House of Lords
|Session 2001- 02
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|Judgments - BP Exploration Operating Co Ltd v Chevron Transport (Scotland)
HOUSE OF LORDS
Lord Slynn of Hadley Lord Hope of Craighead Lord Clyde Lord Hobhouse of Wood-borough Lord Millett
OPINIONS OF THE LORDS OF APPEAL FOR JUDGMENT
IN THE CAUSE
BP EXPLORATION OPERATING CO LTD
ON 18 OCTOBER 2001
 UKHL 50
LORD SLYNN OF HADLEY
1. I have had the advantage of reading in draft the opinions of my noble and learned friends Lord Hope of Craighead and Lord Hobhouse of Woodborough.
2. As to the point of general importance raised on section 74 of the Harbours, Docks and Piers Clauses Act 1847 it is apparent that the "owner" of a vessel in different statutory contexts can, as the authorities cited to your Lordships show, sometimes include or mean a demise charterer. It seemed to me however clear on the submissions of Mr Campbell QC (and the speech of my noble and learned friend Lord Hobhouse of Woodborough makes it abundantly clear) that in section 74 of that Act "owner" has its natural meaning of the registered owner. Any other construction defeats the purpose of seeking to provide a clear-cut method of recovery without proof of negligence on the part of the owner whilst maintaining a claim in negligence against the master or person having charge of the vessel which does damage to the harbour or docks. On this point I accordingly differ from the opinion of the Inner House and I would allow the appeal on this point in the action against Tankers.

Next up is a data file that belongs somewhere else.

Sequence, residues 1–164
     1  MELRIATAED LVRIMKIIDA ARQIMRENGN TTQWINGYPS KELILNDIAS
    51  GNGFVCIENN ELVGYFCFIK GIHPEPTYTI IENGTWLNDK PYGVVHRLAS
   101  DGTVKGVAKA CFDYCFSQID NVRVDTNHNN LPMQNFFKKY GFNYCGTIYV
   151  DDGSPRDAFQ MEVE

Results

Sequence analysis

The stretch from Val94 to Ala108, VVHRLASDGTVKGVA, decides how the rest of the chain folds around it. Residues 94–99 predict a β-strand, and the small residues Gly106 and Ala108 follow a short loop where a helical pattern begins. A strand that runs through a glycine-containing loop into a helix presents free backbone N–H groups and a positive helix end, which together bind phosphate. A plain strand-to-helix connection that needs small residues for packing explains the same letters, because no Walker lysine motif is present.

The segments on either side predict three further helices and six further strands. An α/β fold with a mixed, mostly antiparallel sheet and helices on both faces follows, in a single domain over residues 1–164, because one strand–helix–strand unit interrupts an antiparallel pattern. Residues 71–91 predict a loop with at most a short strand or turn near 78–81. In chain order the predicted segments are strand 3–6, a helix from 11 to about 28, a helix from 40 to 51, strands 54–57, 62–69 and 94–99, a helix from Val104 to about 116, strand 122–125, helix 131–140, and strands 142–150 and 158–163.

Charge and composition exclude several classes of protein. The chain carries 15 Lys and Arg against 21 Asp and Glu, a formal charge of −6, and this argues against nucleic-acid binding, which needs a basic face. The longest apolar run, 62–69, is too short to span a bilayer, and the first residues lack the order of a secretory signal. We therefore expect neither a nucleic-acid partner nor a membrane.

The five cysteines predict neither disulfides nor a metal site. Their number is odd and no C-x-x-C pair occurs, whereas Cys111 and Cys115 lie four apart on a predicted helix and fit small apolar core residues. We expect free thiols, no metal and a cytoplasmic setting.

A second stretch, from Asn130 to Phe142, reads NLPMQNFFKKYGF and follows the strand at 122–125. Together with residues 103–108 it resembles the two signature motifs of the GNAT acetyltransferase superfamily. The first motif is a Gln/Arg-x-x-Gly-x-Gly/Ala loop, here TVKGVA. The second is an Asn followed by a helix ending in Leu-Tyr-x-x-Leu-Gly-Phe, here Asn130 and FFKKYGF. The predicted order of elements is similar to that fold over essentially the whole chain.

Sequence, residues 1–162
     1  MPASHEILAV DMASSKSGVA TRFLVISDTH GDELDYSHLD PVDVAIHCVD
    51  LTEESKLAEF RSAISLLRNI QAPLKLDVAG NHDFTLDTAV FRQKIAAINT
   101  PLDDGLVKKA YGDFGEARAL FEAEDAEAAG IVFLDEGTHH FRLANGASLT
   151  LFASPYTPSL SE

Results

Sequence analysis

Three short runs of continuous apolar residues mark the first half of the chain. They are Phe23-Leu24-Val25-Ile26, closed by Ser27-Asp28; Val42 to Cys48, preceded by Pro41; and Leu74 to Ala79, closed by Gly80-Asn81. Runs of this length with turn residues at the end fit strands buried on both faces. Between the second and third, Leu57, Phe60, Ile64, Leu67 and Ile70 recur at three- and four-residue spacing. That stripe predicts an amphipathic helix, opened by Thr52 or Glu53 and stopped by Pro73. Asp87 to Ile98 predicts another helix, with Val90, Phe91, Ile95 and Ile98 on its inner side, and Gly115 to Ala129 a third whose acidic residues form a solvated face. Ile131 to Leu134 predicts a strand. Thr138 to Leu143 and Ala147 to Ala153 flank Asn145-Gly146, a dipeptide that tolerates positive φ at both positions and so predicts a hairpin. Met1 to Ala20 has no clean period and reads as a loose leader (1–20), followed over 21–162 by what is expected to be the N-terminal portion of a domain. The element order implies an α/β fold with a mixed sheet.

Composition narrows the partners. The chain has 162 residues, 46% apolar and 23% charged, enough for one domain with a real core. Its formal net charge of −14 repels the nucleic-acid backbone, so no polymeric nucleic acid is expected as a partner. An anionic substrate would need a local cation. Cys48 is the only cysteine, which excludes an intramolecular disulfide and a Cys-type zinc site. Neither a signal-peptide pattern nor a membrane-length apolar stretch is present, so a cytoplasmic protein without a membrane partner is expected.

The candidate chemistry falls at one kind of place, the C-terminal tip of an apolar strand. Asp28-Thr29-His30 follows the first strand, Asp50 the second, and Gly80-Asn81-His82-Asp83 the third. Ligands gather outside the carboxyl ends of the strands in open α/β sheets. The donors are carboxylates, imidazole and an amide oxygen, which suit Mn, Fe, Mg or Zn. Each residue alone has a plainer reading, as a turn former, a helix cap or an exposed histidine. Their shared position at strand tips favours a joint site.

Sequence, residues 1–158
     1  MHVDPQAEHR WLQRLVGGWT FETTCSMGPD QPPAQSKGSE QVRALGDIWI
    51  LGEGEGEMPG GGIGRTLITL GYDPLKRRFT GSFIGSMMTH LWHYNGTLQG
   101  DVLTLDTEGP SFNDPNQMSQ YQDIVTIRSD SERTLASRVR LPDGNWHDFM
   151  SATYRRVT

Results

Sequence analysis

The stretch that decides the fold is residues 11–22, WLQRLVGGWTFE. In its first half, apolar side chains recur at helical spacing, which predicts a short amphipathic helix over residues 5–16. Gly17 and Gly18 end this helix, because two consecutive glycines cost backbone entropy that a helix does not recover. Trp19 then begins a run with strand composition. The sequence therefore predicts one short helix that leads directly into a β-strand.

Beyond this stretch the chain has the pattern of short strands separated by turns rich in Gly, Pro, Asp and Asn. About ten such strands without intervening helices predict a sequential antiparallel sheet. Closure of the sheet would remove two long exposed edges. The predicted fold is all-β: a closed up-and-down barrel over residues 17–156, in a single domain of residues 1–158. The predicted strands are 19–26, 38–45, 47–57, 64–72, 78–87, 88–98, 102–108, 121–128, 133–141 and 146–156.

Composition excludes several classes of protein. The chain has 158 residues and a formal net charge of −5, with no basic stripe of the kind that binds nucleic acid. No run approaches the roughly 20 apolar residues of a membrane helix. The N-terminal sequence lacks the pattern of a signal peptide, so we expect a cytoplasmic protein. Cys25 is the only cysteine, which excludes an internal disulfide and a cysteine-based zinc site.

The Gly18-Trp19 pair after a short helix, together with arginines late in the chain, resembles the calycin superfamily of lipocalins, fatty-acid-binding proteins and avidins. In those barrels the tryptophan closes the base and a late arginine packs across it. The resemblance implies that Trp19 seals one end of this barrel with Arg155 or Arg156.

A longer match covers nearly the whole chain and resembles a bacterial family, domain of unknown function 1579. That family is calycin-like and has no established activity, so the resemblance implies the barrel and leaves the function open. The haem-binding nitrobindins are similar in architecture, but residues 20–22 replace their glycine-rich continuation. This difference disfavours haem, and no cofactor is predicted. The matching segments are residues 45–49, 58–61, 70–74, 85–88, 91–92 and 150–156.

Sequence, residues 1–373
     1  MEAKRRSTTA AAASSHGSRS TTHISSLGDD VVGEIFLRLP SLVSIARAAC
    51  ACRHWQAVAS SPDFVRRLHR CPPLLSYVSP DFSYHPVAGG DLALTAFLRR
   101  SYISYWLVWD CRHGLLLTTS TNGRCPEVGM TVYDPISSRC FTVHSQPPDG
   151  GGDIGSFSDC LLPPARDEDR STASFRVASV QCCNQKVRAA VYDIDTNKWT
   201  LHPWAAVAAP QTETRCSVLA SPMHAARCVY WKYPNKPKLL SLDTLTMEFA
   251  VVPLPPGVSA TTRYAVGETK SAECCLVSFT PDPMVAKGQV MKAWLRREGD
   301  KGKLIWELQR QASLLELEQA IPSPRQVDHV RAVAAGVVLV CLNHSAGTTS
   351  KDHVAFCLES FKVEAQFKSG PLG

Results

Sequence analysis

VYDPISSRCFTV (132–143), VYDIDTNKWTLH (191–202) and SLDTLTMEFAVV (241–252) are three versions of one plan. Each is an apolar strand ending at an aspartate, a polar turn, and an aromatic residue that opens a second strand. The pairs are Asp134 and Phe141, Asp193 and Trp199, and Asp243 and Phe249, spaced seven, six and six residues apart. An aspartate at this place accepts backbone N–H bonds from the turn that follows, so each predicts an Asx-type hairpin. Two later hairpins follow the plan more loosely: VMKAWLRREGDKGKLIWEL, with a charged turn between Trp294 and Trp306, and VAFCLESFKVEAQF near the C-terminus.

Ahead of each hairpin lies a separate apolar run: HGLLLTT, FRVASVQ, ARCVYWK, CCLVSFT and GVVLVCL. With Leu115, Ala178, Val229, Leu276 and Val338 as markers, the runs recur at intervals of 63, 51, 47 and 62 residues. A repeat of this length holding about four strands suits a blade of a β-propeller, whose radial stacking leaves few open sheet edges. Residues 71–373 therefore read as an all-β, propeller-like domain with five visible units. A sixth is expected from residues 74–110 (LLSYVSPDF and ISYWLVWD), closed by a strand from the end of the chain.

3. As to the other points raised on this appeal I am in full agreement with the opinion of Lord Hope of Craighead and I would make the orders which he proposes for the reasons which he has given.
LORD HOPE OF CRAIGHEAD